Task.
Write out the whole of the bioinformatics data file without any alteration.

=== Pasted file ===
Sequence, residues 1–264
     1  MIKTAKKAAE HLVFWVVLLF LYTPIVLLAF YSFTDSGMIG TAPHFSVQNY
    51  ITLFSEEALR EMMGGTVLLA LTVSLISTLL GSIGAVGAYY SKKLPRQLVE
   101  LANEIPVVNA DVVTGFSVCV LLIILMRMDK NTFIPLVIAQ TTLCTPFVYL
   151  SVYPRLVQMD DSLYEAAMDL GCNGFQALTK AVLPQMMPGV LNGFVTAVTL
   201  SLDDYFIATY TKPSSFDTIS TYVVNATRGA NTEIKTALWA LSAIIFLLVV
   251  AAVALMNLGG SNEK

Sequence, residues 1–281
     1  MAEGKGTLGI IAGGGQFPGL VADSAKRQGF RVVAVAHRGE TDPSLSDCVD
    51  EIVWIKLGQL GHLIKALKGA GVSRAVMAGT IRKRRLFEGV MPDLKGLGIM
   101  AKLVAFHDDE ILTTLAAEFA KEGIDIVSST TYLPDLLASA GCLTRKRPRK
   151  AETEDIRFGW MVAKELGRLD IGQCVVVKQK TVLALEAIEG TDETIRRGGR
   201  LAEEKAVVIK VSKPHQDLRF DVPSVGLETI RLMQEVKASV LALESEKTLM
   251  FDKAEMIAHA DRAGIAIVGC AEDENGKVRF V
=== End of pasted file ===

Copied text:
Sequence, residues 1–264
     1  MIKTAKKAAE HLVFWVVLLF LYTPIVLLAF YSFTDSGMIG TAPHFSVQNY
    51  ITLFSEEALR EMMGGTVLLA LTVSLISTLL GSIGAVGAYY SKKLPRQLVE
   101  LANEIPVVNA DVVTGFSVCV LLIILMRMDK NTFIPLVIAQ TTLCTPFVYL
   151  SVYPRLVQMD DSLYEAAMDL GCNGFQALTK AVLPQMMPGV LNGFVTAVTL
   201  SLDDYFIATY TKPSSFDTIS TYVVNATRGA NTEIKTALWA LSAIIFLLVV
   251  AAVALMNLGG SNEK

Sequence, residues 1–281
     1  MAEGKGTLGI IAGGGQFPGL VADSAKRQGF RVVAVAHRGE TDPSLSDCVD
    51  EIVWIKLGQL GHLIKALKGA GVSRAVMAGT IRKRRLFEGV MPDLKGLGIM
   101  AKLVAFHDDE ILTTLAAEFA KEGIDIVSST TYLPDLLASA GCLTRKRPRK
   151  AETEDIRFGW MVAKELGRLD IGQCVVVKQK TVLALEAIEG TDETIRRGGR
   201  LAEEKAVVIK VSKPHQDLRF DVPSVGLETI RLMQEVKASV LALESEKTLM
   251  FDKAEMIAHA DRAGIAIVGC AEDENGKVRF V